1. It deepens our connection with Christ and affirms the faith we confess.
2. It reveals the character of God – how the power of God works in people’s lives.
3. The Spirit uses it to ignite faith in the hearts of those who hear it.

Can I get a witness? What is your God story? Dare you believe that if you share it with others, God can help them fall in love with Christ too? We have a story to tell because Christ is the hope of the world. Amen.

Pastor Lee Laaveg

What Do YOU See?

Luke 18:35-43

Back in the 1990s, a new craze called stereogram art became popular. A stereogram is a picture hidden within a picture. Initially, you just see a pattern of some sort. But hidden within the pattern lies a three-dimensional image, which could only be seen by refocusing one’s vision.

Outside my hometown in Livingston, Montana is a beautiful mountain range. If you stare at it awhile, you can see the figure of a giant man lying down. The natives call it “The Sleeping Giant”. When I point it out to people, they often cannot see it. So I try my best to help them see the sleeping giant that they can appreciate it.

Our story for today is about seeing. An adage goes: “Seeing is believing.” However, the story in Luke 18 could very well be entitled, “Believing is Seeing.” The Gospel writer, Luke, has written the story to help us see Jesus.

Jesus is approaching the city of Jericho. He is only 18 miles from Jerusalem, and His journey is almost completed. A crowd is gathered around Him talking, making requests, asking Him questions, trying to get His attention. It is rather loud and raucous. They are traveling to celebrate the Passover, a commemoration of when God set His people free from slavery in Egypt.

Jesus’ popularity is growing. He’s become a celebrity of sorts. The stories of His teachings and healings are floating around the towns and villages of Galilee. People are wondering who He is, so they go out to see for themselves.

Along the roadside outside of Jericho, people are lined up to welcome Passover pilgrims and wish them well. Many are trying to get a glance at Jesus. At strategic places along the way, beggars ask for alms from folks who pass by. It is a typical sight.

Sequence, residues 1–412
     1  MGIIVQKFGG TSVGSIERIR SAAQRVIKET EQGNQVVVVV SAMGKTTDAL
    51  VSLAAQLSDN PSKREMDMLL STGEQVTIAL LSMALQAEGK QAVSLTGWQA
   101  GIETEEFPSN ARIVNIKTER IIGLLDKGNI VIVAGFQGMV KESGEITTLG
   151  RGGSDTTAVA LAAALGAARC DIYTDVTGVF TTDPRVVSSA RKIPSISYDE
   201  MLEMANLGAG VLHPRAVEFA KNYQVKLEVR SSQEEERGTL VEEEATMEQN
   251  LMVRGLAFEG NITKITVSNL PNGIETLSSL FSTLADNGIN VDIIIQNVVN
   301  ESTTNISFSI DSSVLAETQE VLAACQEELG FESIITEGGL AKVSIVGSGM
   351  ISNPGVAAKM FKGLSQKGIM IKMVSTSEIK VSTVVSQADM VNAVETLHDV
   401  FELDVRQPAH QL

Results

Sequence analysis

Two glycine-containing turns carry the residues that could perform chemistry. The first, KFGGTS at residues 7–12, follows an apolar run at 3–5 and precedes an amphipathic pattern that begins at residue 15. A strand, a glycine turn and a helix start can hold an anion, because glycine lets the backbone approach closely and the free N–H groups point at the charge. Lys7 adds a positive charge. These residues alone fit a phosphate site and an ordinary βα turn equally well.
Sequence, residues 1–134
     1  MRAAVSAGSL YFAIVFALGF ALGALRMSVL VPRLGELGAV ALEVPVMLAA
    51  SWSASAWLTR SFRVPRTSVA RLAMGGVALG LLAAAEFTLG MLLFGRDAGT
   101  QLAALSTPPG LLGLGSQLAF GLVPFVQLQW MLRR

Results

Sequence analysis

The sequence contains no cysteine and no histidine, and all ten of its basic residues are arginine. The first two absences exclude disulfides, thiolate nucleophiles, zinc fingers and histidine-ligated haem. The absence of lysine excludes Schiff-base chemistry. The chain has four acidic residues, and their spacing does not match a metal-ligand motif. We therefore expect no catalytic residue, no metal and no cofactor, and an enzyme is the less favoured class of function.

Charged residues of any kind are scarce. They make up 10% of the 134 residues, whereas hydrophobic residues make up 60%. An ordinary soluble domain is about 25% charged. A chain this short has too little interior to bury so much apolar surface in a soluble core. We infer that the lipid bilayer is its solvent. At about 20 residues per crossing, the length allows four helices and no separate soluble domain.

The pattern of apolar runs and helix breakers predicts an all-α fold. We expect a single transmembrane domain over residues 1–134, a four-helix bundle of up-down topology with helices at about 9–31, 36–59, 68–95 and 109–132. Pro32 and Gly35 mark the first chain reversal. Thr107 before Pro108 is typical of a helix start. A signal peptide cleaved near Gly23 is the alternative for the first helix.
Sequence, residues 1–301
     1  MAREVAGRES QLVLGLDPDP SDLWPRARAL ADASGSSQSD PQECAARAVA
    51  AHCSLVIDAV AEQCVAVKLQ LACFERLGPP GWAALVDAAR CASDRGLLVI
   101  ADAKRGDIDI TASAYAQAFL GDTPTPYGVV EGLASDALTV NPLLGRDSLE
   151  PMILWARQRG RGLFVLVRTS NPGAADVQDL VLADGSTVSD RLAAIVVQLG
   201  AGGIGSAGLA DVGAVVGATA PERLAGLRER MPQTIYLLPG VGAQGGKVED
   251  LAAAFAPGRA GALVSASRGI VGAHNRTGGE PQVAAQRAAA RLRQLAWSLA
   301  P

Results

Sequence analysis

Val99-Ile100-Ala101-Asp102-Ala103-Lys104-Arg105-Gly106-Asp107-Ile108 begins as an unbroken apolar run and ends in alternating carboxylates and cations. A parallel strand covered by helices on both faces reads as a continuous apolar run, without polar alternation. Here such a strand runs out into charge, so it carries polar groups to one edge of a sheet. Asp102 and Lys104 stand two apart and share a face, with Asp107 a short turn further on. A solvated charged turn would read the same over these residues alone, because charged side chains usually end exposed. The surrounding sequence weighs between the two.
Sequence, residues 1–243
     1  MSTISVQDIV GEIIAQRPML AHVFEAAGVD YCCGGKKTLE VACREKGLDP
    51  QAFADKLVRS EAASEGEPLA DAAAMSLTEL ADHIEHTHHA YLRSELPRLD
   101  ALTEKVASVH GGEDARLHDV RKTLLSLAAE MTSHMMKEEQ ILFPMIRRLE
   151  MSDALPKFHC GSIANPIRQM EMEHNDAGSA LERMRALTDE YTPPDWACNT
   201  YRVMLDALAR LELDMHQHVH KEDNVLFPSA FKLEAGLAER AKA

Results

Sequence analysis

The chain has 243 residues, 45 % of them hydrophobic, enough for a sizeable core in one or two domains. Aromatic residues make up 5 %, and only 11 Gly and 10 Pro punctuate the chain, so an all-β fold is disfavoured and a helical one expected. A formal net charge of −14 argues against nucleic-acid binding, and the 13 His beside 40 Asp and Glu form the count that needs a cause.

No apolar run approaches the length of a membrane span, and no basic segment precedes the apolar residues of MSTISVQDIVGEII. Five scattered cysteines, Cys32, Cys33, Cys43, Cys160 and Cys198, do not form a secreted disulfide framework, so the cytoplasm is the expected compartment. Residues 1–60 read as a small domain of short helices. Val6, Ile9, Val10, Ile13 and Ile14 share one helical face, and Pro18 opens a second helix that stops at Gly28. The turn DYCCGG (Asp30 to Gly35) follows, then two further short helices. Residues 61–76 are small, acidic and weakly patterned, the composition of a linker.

Our focus for today is on one particular beggar on the side of the road who is about to have his life changed. He would have an eye-opening experience, for he is a blind man. Because of his blindness, he is unable to work. Having been rejected by family and society in general, he has to beg to survive. He is overlooked and ignored, looked down upon by people, considered riffraff – about as low as you could go on the social scale. But it is all about to change in our story.

The blind man notices the loudness increasing around him. A loud group is approaching ahead, making all kinds of noise. People are talking loudly. He hears people around him saying, There He is! I, I think I can see Him!

What’s all the commotion? he asks no one in particular.

Jesus of Nazareth is passing by. In the popular perception, He was simply “Jesus,” an amazing man from Nazareth. The jury was still out on His faux identity.

When the blind man hears this, he starts yelling something we haven’t heard yet in Luke’s Gospel. “Jesus, Son of David! Have mercy on me.” He is expressing an insight others haven’t had. Though he is physically blind, he sees a lot more than most people when it comes to Jesus.

Notice he doesn’t cry out, “Jesus of Nazareth! Have mercy on me,” but “Jesus, Son of David!” These are words of faith! His heart sees the light before his eyes could, and he recognizes Jesus as the long-awaited Messiah, the promised One of God, the Savior. So he cries for an audience with Him, Have mercy on me! Help me! Show compassion on me!